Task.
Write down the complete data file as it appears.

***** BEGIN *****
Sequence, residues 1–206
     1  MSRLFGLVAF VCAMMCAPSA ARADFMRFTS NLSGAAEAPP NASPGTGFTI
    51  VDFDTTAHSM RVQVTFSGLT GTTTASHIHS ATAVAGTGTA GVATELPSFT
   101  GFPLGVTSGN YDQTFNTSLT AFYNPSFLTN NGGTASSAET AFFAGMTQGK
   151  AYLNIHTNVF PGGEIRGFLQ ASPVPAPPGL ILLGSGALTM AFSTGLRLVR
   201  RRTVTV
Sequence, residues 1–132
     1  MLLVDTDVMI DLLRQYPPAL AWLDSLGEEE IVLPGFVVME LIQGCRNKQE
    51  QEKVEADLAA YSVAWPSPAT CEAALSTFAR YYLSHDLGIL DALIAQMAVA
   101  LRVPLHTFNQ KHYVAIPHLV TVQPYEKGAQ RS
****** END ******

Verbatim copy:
Sequence, residues 1–206
     1  MSRLFGLVAF VCAMMCAPSA ARADFMRFTS NLSGAAEAPP NASPGTGFTI
    51  VDFDTTAHSM RVQVTFSGLT GTTTASHIHS ATAVAGTGTA GVATELPSFT
   101  GFPLGVTSGN YDQTFNTSLT AFYNPSFLTN NGGTASSAET AFFAGMTQGK
   151  AYLNIHTNVF PGGEIRGFLQ ASPVPAPPGL ILLGSGALTM AFSTGLRLVR
   201  RRTVTV
Sequence, residues 1–132
     1  MLLVDTDVMI DLLRQYPPAL AWLDSLGEEE IVLPGFVVME LIQGCRNKQE
    51  QEKVEADLAA YSVAWPSPAT CEAALSTFAR YYLSHDLGIL DALIAQMAVA
   101  LRVPLHTFNQ KHYVAIPHLV TVQPYEKGAQ RS